Toledo’s Janelle Reed-Lewis is fouled by Purdue’s Camille Redmon while taking a shot.
BLADE/ANDY MORRISON Enlarge
Inma Zanoguera dashed down the court, the game clock dwindling from six seconds to three to the brink of desperation.
The forward stopped her dribble at the left arc and uncorked a shot with an end result symbolic of the season being had by the University of Toledo women’s basketball team.
Much like their captain’s near miss at the buzzer, the Rockets are awfully close to being awfully good. There was little separation Sunday between their unseasoned collection of rookies and untested veterans and the team ranked No. 18 in the country.
PHOTO GALLERY: UT women lose to No. 18 Purdue
Purdue escaped Savage Arena with an 81-79 victory, an outcome for Toledo that inspires confidence rather than creates doubt in the infancy of a season riddled with question marks.
To hang tight, the Rockets first had to weather a first half storm with just one available substitute, the result of Zanoguera’s foul trouble and a couple of injuries. Just as the team’s injury report seemed ready to shrink it got longer.
Freshman Olivia Braun, who suffered a sprained ankle a day earlier, swapped roles with Brianna Jones, who scored a career-high 12 points in her first appearance. Also, starting forward Stephanie Recker was limited to 14 minutes after falling hard on her back in the first half.
“Very, very proud of the mental toughness and the perseverance that our team showed today against a very, very good team,” said UT coach Tricia Cullop, whose resolute team trailed at halftime by just two points 41-39.
Cullop, a former Purdue captain, saw her team cut the deficit to a single point on three occasions at the end.
But they never could seize the lead behind the backing of 4,012 fans, which provided what Purdue’s Courtney Moses called “a tournament atmosphere.”
Mistakes befitting of an inexperienced team represent the current gap between Toledo and high-end teams like Purdue and Drexel, the latter having felled the Rockets a week ago in a competitive affair.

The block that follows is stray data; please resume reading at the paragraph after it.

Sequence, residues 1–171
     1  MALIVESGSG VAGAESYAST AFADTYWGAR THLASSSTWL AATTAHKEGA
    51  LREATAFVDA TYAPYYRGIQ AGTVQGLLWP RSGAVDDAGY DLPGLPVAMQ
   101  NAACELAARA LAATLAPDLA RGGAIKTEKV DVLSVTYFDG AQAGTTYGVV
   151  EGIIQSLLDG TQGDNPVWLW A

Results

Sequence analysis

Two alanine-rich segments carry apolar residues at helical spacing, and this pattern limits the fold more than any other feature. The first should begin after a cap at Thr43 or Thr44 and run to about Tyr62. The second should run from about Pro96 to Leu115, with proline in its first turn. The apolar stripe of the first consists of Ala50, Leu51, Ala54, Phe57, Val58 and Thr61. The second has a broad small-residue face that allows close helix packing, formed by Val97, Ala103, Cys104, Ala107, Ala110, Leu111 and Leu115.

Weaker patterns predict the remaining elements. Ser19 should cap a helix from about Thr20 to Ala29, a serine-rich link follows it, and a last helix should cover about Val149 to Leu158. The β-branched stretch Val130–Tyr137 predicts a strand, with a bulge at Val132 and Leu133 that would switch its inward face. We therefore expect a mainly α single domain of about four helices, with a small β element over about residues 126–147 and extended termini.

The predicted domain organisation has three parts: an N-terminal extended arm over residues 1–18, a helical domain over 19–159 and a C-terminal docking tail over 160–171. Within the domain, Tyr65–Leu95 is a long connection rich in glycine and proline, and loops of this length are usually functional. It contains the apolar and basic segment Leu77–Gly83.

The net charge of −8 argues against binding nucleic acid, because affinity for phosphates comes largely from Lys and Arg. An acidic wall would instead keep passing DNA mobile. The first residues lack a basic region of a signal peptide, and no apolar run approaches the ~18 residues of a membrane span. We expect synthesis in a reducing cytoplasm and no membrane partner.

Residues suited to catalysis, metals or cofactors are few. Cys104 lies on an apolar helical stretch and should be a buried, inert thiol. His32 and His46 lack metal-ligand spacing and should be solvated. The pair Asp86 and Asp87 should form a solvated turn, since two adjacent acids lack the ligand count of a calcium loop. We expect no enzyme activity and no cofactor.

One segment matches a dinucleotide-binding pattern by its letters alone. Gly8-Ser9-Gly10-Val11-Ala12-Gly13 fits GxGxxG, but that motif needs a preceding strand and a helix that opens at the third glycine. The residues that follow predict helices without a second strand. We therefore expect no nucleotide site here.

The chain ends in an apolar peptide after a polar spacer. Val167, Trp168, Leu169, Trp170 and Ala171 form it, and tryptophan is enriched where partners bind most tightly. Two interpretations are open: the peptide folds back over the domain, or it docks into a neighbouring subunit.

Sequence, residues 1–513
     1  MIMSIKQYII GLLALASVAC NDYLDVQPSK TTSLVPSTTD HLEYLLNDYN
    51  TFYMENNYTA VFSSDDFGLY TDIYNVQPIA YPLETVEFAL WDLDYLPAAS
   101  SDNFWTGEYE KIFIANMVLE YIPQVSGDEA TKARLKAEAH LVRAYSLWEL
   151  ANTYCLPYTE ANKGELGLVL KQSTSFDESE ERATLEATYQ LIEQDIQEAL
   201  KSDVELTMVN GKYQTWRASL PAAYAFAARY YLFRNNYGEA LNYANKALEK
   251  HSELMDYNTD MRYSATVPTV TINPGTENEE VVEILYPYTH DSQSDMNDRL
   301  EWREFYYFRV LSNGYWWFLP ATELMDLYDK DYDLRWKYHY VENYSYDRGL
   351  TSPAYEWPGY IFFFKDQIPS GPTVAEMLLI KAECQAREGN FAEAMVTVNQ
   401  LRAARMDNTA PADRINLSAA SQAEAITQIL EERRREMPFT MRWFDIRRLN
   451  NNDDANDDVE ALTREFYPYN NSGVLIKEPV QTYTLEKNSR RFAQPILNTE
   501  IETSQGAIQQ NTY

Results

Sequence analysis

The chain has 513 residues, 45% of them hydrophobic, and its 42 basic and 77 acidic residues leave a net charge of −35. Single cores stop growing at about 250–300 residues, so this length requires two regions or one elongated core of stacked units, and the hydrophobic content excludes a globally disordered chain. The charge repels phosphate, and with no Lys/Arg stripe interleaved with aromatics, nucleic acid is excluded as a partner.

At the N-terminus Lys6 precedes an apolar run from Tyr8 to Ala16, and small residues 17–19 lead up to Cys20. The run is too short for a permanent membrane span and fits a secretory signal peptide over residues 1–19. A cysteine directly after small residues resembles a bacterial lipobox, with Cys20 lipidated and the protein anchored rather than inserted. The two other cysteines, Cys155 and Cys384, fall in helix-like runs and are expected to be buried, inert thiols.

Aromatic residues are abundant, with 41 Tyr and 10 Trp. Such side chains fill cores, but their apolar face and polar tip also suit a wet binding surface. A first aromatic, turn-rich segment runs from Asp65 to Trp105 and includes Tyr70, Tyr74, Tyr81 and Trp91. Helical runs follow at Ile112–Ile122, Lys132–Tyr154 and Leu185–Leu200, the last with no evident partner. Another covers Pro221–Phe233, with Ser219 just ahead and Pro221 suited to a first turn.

A few precious late possessions were squandered by bad shots. Good looks didn’t fall at key times, as Zanoguera missed three 3s in the final 1:30.
Guards struggled to stay with Purdue’s Moses, who carved Toledo’s zone from the 3-point line (4 of 7) as well as with baseline cuts like the one for a layup that put Purdue (3-0) in front 76-73 with 4:11 left.
Moses, who somehow went scoreless in the season opener against Ball State, finished with 30 points.
“When she knew we found her on the 3-point line against the zone she snuck behind us,” Cullop said. “She’s so smart. She has an incredible IQ.”
Toledo's Ana Capotosto (32) loses a rebound to Purdue's Courtney Moses during the first half. Key errors hurt the Rockets' chances to pull an upset.
BLADE/ANDY MORRISON Enlarge
A critical mistake at the end proved costly for Toledo. Cullop stood several feet onto the court imploring her players to foul on Purdue’s final possession but no one bothered to look up for a good 15 seconds until Andola Dortch sent K.K. Houser to the line with 6.7 seconds to go.
“If you saw me going into hysterics, that wasn’t a fit,” Cullop said. “That was me wanting to foul.”
Thus, there could be no carefully orchestrated final set involving, say, Dortch (22 points), Janelle Reed-Lewis (14 points, career-high eight assists), freshman Janice Monakana (15 points), or Zanoguera (11 points).
Give Zanoguera another three or four seconds and maybe she drives to the basket. Instead, by the time she rebounded Houser’s second free throw there were only about six ticks on the clock, barely enough time to scurry down the floor and fire off a good look.
Off the front end. Into the air. Off the cylinder.
“We proved something even though we didn’t win,” Zanoguera said. “We’re a team of fighters. We have young people but we have very good heart.”
Contact Ryan Autullo at: firstname.lastname@example.org, 419-724-6160 or on Twitter @AutulloBlade.